Did I get your attention with that title? Well, this isn't about parents and children.
I've been thinking about discipline in regards to myself. Why do things work sometimes and not others? What is it in my attitude that helps determine accomplishment or failure? Why is it that one day I can give the kitchen a good cleaning, do the laundry, make the beds, homeschool the children, and cook the meals, while the next day I don't "feel" like doing anything?
I need rhythm and routine. Without I fall into laziness. There, I said it. I can be lazy. Oh, I make up for it by being incredibly productive for a few hours or days at a time, or during a week here and there where I go through the house top to bottom and declutter and organize everything in sight. However, there is no balance in working like this. I feel fantastic on days when I have worked like mad, but tired too. On days I don't think I have done enough I have a nagging sense of guilt.
Rhythm and routine help me find balance, as long as I stick more to rhythm and less to a schedule. When we stop following the rhythm the bathrooms don't get wiped down. If I try to do them everyday I just don't have time for other chores, and I get stressed. I think if I wiped down the bathrooms 2-3 times during the week, the rhythm would work.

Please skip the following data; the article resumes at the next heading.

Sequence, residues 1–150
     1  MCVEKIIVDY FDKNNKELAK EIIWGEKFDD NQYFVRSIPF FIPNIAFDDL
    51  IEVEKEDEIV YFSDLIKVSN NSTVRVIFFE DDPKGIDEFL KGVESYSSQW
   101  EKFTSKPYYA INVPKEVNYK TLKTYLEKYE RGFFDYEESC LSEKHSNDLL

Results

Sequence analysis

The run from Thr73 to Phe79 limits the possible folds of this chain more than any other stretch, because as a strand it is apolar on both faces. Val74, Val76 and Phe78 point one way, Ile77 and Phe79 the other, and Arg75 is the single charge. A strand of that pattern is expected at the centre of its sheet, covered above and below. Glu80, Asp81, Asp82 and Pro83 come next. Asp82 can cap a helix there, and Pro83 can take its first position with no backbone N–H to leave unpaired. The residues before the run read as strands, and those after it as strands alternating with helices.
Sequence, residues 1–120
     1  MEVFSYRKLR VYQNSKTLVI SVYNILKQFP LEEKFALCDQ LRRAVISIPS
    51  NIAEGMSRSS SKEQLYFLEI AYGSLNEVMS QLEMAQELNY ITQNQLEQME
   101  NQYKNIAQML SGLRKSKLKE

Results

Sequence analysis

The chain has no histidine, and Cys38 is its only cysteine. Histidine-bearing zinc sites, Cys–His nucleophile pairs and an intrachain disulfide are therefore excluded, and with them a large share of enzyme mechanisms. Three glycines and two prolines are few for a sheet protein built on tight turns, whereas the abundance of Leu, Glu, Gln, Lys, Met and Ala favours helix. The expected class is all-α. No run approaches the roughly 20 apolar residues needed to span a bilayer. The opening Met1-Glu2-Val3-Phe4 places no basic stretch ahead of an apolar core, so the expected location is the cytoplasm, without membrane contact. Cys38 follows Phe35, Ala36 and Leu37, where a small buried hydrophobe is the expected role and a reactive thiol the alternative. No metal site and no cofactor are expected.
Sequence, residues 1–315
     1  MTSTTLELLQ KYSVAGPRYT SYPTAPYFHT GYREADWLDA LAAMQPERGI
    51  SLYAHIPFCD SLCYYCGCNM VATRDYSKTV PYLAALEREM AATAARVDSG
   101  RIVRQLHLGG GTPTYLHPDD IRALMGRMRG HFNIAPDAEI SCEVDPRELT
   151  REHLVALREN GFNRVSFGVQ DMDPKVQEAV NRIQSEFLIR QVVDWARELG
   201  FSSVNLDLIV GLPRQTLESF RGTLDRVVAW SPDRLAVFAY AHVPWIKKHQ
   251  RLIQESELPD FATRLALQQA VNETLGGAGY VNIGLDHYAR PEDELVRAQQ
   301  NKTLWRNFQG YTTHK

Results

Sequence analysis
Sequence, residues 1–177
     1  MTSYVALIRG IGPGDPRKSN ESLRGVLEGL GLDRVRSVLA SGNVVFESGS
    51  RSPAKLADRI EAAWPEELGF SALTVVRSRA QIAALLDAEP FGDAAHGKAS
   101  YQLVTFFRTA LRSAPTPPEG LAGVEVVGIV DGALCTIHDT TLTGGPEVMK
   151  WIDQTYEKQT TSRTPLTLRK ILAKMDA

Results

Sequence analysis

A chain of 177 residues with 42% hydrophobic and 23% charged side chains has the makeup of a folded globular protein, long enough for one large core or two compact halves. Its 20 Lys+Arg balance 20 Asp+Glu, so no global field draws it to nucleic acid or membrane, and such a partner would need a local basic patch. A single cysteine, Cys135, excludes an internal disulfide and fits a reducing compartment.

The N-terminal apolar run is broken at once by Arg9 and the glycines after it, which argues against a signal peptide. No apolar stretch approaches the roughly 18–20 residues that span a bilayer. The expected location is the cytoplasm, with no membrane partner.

Bathrooms are just one example. If I know that every day after quiet time we are going to have a snack, then practice time, and then do a craft/project, then my afternoon is well planned. But this is where discipline comes in. If the boys don't want to practice, do I let them off easy or just sing and get it going? Because I know if they skip it the rhythm will fall apart and I'll spend all afternoon on the computer, and maybe dinner will get my full attention, but maybe I'll just throw something together. How does dinner figure in? When we are doing projects in the afternoon some of them are self-guided, so I stand and chop vegetables and do early dinner prep while the boys do whatever project they are doing.
After that I should have free time for the computer. After practice, and projects, and dinner prep. Discipline. The computer itself isn't an addiction; I thought at some point maybe that word could be used, but I can go away for weeks on vacation and not miss the computer at all. I can just as easily lose myself to reading a book or crocheting, or any number of alternate activities. It is discipline. It is teaching myself that there are things I need to do before I can take that break - after all, my home and my children are supposed to be my vocation, and the other things my leisure. How easy it is to let my leisure fill up my work time, and to do homekeeping during my breaks!
There are things we know we should do. Discipline determines whether or not we do them. Eating right, exercising, getting enough sleep...they aren't hard things to do. I would wager that most of the time, if we have determined the heart of the matter in our lives there is plenty of time to do what needs to be done. When I say I didn't have time to mop the floor, I'm really saying that I chose to read my new magazine. Some days discipline requires that I set down the magazine and mop the floor. And isn't the magazine that much more satisfying to read if my work is accomplished and I am taking a well-earned break? I can give it my full attention, without the underlying knowledge that I "should" be doing something else.
Discipline. It's been sorely lacking in my life.